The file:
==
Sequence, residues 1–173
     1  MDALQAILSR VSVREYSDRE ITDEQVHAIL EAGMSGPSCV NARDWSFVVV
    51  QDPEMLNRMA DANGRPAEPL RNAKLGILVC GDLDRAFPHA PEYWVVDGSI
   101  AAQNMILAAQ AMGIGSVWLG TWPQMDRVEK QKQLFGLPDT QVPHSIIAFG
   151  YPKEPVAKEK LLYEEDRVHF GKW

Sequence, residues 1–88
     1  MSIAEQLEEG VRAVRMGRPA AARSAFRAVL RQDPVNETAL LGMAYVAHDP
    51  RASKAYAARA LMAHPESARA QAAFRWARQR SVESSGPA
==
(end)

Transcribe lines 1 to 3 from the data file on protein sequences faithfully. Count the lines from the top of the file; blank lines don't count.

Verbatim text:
Sequence, residues 1–173
     1  MDALQAILSR VSVREYSDRE ITDEQVHAIL EAGMSGPSCV NARDWSFVVV
    51  QDPEMLNRMA DANGRPAEPL RNAKLGILVC GDLDRAFPHA PEYWVVDGSI